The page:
The Shell Hunter

(Page 3)
Ben Gately Williams

Somehow or other, the Big Iron Man’s life has always included unexploded mortar shells. While he was growing up, they were a commonplace part of the landscape around Charleston. He and his friends would play hopscotch on old remnant shells strewn along the Battery. Walkways, church entryways, and flower gardens were lined with them. A pharmacy on Tradd Street used a massive solid shell called a “bolt” as a doorstop. “Sometimes they were live,” he says as we settle in comfortable chairs in his workshop, sipping Cokes his wife brought in as she joined our conversation. “Sometimes they weren’t. Eventually over time, folks just sort of picked them up, and there got to be less and less of them around.”

To this day, Charleston is almost certainly still littered with relic shells, although few remain in plain sight. “We were shelled for five-hundred-and-sixty-some-odd days,” Grahame Long, curator of history at the Charleston Museum, tells me after I’ve met the Big Iron Man. “The stuff turns up more here than anywhere in the South. We certainly haven’t found them all. And however many there are on the Charleston peninsula, there are, I’ll bet, ten times more in the harbor. Most of the EOD calls I’d hear about were coming from harbor dredgers. They’d be dumping spill out on Drum Island and the shells would just go down those dredge pipes like a big pinball.”

The Big Iron Boy learned about these artifacts scattered around his hometown while he was in elementary school. When he met Omega East, the late superintendent of Fort Sumter and longtime National Park Service historian, East regaled the youngster with stories of the fort’s battles—and the relics that still lay beneath the ground. A cheap metal detector led to a few discoveries, and soon he was hooked. As he pursued his new hobby, he learned early on how dangerous a Carolina marsh could be. “My younger brother and I went to this place one time when he was about eight years old and got split up,” he tells me. “When I found him, he was half buried in the marsh mud, and the tide was coming back in. He wasn’t saying anything, just had this blank look on his face. I remembered this issue of Boys’ Life where they talked about rescuing someone from the ice. I had to crawl like a turtle out across that mud to get him.”

By the mid-1980s, magnetometers capable of peering deep below saltwater, mud, and sand enabled previously impossible searches. He often set out with an author/historian named Jack W. Melton, Jr., who has penned an authoritative guide to Civil War artillery, and he made the acquaintance of Harry Ridgeway, a relic hunter from Virginia. Discoveries of massive and valuable shells all along the Southern coast followed. Recovering a 200- to 400-pounder was particularly perilous. “Charleston is the hotbed,” says Ridgeway, a prolific shell hunter and memorabilia dealer known as the Civil War Relicman. “The exchanges of bombardment resulted in a lot of misses, and the shells would go sailing past their targets into the swamps. But it’s very difficult to find them, and very dangerous. All you see is that marsh grass, six, seven, eight feet tall. You sink up to your butt immediately. You get stuck, the tide comes in, and you’re just gone.”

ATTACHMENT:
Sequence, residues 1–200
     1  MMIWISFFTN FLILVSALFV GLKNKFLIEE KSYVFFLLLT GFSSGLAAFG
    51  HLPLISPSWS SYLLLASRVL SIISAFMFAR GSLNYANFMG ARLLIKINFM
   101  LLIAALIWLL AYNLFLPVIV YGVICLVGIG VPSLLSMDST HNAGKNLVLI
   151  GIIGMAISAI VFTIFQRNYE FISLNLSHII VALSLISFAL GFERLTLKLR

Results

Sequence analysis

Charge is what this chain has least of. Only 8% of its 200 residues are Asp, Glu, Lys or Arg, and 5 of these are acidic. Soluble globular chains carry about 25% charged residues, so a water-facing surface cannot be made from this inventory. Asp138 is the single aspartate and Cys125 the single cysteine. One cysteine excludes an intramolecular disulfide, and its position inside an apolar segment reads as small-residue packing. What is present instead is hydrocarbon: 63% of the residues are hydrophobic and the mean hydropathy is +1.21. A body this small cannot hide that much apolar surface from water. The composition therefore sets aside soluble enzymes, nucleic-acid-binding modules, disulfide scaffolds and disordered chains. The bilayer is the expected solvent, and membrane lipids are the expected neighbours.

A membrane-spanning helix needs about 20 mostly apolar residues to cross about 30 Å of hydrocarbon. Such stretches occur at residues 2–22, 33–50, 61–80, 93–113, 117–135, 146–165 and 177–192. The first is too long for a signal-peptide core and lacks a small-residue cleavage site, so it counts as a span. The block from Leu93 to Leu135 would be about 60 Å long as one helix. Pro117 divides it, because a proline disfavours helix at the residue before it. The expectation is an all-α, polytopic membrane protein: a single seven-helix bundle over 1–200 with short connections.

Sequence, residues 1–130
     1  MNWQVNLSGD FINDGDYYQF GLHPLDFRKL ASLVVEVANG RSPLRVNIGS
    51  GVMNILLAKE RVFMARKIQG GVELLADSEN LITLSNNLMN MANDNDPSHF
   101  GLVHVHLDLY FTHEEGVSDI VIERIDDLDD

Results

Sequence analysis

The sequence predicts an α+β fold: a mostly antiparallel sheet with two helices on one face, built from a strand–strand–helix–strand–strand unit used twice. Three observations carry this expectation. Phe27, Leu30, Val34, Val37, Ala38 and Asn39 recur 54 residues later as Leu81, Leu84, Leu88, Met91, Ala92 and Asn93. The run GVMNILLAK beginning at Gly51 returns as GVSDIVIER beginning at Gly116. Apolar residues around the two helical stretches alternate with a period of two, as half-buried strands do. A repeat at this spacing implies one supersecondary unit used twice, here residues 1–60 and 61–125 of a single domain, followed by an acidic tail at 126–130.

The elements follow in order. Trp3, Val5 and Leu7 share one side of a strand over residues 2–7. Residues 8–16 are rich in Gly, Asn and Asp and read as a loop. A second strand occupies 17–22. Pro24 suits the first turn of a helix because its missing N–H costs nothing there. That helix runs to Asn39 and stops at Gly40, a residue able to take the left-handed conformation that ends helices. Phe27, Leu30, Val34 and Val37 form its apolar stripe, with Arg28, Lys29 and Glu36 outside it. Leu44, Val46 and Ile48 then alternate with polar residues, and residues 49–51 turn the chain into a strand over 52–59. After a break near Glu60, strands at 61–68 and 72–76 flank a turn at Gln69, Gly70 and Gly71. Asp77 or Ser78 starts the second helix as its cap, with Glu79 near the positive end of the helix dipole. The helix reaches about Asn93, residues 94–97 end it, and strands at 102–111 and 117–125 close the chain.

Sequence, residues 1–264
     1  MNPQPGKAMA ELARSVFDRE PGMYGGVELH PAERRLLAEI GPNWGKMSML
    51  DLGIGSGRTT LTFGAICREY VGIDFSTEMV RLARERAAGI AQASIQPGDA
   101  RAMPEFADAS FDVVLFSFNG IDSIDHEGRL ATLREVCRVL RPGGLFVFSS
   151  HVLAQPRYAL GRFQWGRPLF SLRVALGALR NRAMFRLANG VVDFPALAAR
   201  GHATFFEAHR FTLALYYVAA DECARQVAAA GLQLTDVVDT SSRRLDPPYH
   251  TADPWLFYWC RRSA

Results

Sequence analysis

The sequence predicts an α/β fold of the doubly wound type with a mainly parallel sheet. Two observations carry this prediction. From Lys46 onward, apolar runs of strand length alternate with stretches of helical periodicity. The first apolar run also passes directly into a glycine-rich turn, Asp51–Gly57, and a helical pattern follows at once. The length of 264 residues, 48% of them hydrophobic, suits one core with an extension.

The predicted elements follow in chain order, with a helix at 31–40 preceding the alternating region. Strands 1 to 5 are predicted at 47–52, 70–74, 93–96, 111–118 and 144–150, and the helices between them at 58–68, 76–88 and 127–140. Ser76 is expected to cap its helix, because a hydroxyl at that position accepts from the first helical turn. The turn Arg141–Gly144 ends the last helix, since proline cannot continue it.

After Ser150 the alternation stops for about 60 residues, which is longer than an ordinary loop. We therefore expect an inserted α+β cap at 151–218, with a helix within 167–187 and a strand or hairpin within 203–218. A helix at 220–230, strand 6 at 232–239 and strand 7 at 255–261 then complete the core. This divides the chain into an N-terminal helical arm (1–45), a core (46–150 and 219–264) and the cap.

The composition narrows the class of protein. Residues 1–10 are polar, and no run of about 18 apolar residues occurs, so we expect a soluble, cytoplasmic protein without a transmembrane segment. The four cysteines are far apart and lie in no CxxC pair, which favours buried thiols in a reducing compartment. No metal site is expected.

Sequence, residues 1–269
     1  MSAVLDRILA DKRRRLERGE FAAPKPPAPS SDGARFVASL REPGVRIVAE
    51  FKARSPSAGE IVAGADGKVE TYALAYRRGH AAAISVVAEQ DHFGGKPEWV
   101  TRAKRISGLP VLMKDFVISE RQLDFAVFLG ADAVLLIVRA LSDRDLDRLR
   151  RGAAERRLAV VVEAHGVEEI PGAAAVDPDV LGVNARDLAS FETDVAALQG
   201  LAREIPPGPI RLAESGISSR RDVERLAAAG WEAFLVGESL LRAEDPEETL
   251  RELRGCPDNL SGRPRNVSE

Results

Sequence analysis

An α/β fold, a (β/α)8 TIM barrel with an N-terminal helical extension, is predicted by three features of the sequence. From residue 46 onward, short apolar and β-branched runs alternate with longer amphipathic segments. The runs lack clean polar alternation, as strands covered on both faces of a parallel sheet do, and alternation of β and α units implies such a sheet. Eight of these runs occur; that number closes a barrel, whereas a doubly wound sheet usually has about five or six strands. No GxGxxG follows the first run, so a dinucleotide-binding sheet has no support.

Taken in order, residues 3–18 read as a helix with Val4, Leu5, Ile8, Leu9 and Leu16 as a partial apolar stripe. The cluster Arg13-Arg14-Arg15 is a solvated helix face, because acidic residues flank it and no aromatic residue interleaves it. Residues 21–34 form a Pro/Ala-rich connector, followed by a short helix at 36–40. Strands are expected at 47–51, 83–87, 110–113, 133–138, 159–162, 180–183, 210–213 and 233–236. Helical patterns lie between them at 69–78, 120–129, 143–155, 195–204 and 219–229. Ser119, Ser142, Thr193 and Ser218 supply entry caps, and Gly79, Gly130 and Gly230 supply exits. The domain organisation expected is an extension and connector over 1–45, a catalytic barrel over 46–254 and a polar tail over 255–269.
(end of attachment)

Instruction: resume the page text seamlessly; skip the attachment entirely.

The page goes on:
Other hazards of relic hunting are of the crawling, biting variety. The thousand or so forested islands that run from Charleston to Savannah teem with rattlesnakes, black widows, Lyme disease ticks, mosquitoes, and the occasional rogue alligator in a freshwater impoundment. “When you’re out on an island, and you hear a giant bullfrog sound,” says the Big Iron Man, “that’s a mama alligator lettin’ you know you’re near her young.”

At that, his wife hefts a Confederate cannonball recovered from just such an island. It’s been cut into cross section, its terrible interior payload plainly visible. Confederate troops used whatever they had on hand as shrapnel agents because they couldn’t afford lead balls. “That’s how you know it’s Confederate,” says the Big Iron Man. “Johnny Reb would use nuts, bolts, anything.”

He hands me an iron sphere the size of a billiard ball, part of a load of grapeshot. “Grape was like a big shotgun shell,” he says. “The troops were marching in and they’d fire grape into ’em. Thirty people would just disappear in a mist of red. It was horrible.”

If these weapons inflicted such misery, I ask, why preserve them? “People have been trying to kill each other through all of history,” his wife replies. “Well, this is how they did it from 1861 to 1865. It illustrates not only the advances in technology, but the differences in resources between the North and the South.”

Her husband props his feet up on a fifteen-inch Union cannonball. “The Yanks were throwing these at Battery Wagner on Morris Island,” he says. “That’s solid iron, four hundred and eighty-five pounds. Can you imagine what it took just to handle the cannon that fired this? It would damage a modern warship.”

“If you don’t understand history,” his wife adds, “how can you understand human beings? This isn’t just iron. It’s engineering and technology. It’s the bravery of the soldiers. It’s the sheer foolishness of it all.”

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